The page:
I am not sorry to say that the failure of our security agents is a product of the ineptitude and clannishness of the Buhari government. This is why Boko Haram, bandits and kidnappers are dominating. As a result, the North-west is bleeding while the North-east is in a mess. The Middle Belt is smoldering while the South-West is aflame. The South-east and South-south are blazing.

Sunday Igboho became the hero of his people because political office holders failed woefully to tackle their plight. Government at the federal and state levels also failed to secure lives and property. Our so-called human rights activists are only active on the pages of newspapers and on social media. They are hardly on the field to fight for oppressed Nigerians. This is the challenge Igboho took up.

Those still backing nomadic cattle rearing with the argument that the Nigerian Constitution supports freedom of movement should please note that freedom of movement is not a license to perpetrate crime. There should be a national accord to crush criminality. Offenders must be apprehended and punished, no matter their origin, class or status. It is unbearable that the Buhari government reinforces the horrible culture of the right of herdsmen to other people’s land.

State governors must also rise up to their constitutional responsibility of protecting their people. The Nigerian Constitution clearly states that governors are the Chief Security Officers of their states. They have a constitutional obligation to do everything lawful to protect lives and property of residents of their states. They must creatively enforce this. The 1999 Constitution also vests control and use of land on state governors. This is enough to curb the primitive, crude and intrusive practice of open grazing.

It is encouraging that the Miyetti Allah Cattle Breeders Association (MACBAN), at a meeting with South-west governors early this week in Akure, Ondo State, agreed that free range grazing must be stopped to avoid conflicts between the farmers and the herders. MACBAN must embrace and be committed to modern breeding process by cuddling ranching. Nomadic cattle rearing is an aberration in modern societies.

On the flip side, Governor Seyi Makinde of Oyo State has been a big disappointment in the struggle to emancipate the people of Igangan in particular and Oyo State in general, from the shackles of killer herders. Makinde failed to show courage when it mattered most. Those who said he downplayed the security challenges facing the people of Igangan were absolutely correct. The President of Ibarapa Development Forum, Etomilade Oduola, puts it fittingly: “At this critical point, the governor needs to connect directly with the region the same way he did when he much needed ‘peoples’ mandate. We are aware and we affirm that the governor must be the governor of all. His broadcast however only expressed sympathy to the cause of the marauding herdsmen and sheer insensitivity to Ibarapa lives that have been lost to the criminals in the recent past. Makinde makes a poor attempt at political correctness in an escalating insecurity crisis. The safety of the people must be paramount and the government must stop playing politics with our lives.”

I doubt if the people of Oyo State will ever forgive Makinde. As at press time, he was still struggling to put the killing of Dr. Aborode and other Ibarapa natives in proper perspective. What a shame! Makinde has committed political harakiri that may cost him a second term in this state.

A Word for General Attahiru

Dear General Ibrahim Attahiru, I received the news of your appointment as army chief with a lot of fear and disappointment. I am in the club of Nigerians that believe you don’t deserve this appointment based on your poor performance as Theatre Commander of Operation Lafiya Dole. I vividly remember that in 2017, the then army chief, disgraced Tukur Buratai, gave you a 40-day mandate to capture Boko Haram’s leader, Abubakar Shekau, dead or alive. You failed to actualise this, leading to your removal as Theatre Commander. Yes, none of your successors have been able to capture Shekau till date. Yes, your successors also failed to end Boko Haram. But the truth remains that your tenure as Theatre Commander was a tragedy, with a long list of brutal attacks on soldiers and civilians by Boko Haram.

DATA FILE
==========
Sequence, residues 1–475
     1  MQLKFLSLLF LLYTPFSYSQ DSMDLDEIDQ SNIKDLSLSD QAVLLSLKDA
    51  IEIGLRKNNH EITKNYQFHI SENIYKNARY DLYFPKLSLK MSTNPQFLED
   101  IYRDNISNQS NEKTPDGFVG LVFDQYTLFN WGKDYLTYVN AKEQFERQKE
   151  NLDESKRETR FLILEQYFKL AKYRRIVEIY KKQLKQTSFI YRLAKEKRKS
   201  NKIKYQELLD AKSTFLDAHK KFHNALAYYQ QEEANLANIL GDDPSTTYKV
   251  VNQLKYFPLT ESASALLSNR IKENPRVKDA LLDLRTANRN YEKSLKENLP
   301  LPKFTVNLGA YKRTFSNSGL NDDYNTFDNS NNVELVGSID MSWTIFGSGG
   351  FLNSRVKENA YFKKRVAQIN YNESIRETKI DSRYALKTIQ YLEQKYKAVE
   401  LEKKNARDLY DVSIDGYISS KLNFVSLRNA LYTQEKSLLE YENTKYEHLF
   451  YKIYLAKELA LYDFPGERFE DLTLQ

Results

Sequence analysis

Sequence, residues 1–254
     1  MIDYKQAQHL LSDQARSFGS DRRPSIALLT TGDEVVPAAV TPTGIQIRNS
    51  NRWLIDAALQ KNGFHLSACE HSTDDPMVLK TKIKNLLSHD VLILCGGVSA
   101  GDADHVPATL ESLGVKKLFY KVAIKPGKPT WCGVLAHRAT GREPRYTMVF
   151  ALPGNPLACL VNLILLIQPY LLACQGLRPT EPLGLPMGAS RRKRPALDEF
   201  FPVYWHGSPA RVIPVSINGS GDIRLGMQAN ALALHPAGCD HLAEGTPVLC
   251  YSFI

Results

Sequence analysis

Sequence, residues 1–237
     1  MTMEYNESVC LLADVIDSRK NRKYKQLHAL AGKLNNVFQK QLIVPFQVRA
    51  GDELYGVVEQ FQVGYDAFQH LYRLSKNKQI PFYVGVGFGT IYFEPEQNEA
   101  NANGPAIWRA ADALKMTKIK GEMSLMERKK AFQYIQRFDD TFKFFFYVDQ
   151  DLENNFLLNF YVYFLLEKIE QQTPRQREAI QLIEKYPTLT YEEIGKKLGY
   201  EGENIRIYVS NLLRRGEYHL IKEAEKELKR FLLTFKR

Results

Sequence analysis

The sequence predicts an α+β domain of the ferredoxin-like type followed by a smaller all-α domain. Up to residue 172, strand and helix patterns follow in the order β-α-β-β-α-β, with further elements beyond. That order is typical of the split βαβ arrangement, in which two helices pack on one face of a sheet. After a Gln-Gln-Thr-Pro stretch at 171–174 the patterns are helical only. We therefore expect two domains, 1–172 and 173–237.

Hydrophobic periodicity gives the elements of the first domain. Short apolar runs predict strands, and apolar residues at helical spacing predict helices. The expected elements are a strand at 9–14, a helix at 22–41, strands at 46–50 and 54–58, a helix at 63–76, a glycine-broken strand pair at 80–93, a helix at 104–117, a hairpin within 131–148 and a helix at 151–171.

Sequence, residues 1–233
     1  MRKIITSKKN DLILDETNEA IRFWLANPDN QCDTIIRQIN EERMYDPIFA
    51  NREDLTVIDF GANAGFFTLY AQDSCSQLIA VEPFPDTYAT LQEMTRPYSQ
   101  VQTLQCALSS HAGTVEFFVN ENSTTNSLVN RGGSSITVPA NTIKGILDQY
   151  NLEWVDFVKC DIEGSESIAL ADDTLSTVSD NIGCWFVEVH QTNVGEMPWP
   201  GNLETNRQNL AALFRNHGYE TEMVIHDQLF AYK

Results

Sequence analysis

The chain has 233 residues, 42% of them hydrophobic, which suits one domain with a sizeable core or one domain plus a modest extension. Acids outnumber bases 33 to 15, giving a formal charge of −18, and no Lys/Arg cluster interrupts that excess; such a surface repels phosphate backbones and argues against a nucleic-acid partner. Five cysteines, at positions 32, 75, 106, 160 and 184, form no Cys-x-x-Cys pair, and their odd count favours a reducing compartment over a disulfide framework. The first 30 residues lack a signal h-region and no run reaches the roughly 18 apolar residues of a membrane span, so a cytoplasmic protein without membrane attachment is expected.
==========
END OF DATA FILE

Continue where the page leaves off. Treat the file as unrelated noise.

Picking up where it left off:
Now, as army chief, I sincerely hope that you will prove me and other Nigerians wrong about your abilities. The task at hand is huge. You are commencing this job at a point that morale is at the lowest in the Army. Our gallant soldiers are poorly equipped and poorly motivated. Many have been needlessly killed by the terrorists. Videos of our soldiers lamenting about lack of basic things on the war front abound. Many have overstayed on the war front. This is why they are losing grounds to the terrorists. You have to committedly address these problems. The good thing is that you have been at the war zone too. I expect you to genuinely tackle the challenges of our gallant soldiers. You must truly lead from the front.

General Attahiru, if you truthfully desire to rid this country of terrorists, you must also insist on using foreign military contractors. Intelligence and technology are vital in modern warfare. We are in an era of fighting with drones. The Nigerian Army, as presently constituted, lacks the equipment and manpower for these. This is why you must impress on the Commander-in-Chief the imperatives of using foreign military contractors to end the madness called Boko Haram. This is the only way forward for Nigeria. Attahiru, please, spend quality time thinking about all these points.

Memo to Governor Bello Matawalle
A Federal High Court sitting in Abuja last Tuesday ordered the final forfeiture of huge cash found in the bank accounts of companies lined to former Governor of Zamfara State, Abdulaziz Yari to the federal government. Justice Ijeoma Ojukwu ordered that the funds, including $56,056.75; N12.9m, N11.2m, $301,319.99; N217,388 and $311,872 be forfeited because the former governor did not show good cause why the order sought by the ICPC should not be granted. The judge concurred that the funds were proceeds of unlawful activity.

The good news is that stolen public funds have been recovered. However, the bad news is that money stolen from Zamfara State is being forfeited to the federal government. This is illogical. I expect the fund to go back to where it was stolen. It is evidently not federal government’s money. My dear Bello Matawalle, I expect you as the incumbent governor of Zamfara State, to swiftly challenge this order in court. You must ensure the return of this fund to troubled Zamfara.